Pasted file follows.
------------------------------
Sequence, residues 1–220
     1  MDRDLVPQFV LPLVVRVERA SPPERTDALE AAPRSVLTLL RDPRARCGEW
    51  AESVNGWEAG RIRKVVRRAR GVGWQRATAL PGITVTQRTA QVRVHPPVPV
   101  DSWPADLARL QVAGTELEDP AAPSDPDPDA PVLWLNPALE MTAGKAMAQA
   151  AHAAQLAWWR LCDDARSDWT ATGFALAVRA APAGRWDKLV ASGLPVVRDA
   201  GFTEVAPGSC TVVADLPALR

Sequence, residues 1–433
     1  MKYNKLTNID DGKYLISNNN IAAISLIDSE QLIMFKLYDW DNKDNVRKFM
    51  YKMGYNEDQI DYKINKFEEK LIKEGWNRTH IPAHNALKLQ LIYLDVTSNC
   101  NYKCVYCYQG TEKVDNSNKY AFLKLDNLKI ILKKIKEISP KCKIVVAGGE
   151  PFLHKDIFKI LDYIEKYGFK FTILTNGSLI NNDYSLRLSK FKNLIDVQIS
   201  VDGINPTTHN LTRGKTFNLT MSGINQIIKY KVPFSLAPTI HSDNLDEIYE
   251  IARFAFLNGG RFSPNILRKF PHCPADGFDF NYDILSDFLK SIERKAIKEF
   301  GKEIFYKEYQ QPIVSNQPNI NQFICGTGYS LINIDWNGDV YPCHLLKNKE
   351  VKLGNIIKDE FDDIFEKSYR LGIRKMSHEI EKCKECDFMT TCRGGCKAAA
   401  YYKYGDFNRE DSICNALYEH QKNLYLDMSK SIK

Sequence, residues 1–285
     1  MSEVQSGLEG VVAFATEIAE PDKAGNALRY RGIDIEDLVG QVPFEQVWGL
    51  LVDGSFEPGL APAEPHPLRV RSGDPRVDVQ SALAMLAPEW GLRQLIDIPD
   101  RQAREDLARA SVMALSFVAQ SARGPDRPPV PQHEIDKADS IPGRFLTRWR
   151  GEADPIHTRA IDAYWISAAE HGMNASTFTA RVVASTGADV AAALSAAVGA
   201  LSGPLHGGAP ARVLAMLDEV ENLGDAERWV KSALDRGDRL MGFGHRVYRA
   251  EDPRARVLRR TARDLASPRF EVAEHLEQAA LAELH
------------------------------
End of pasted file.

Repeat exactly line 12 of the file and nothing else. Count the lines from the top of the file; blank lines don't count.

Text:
   201  VDGINPTTHN LTRGKTFNLT MSGINQIIKY KVPFSLAPTI HSDNLDEIYE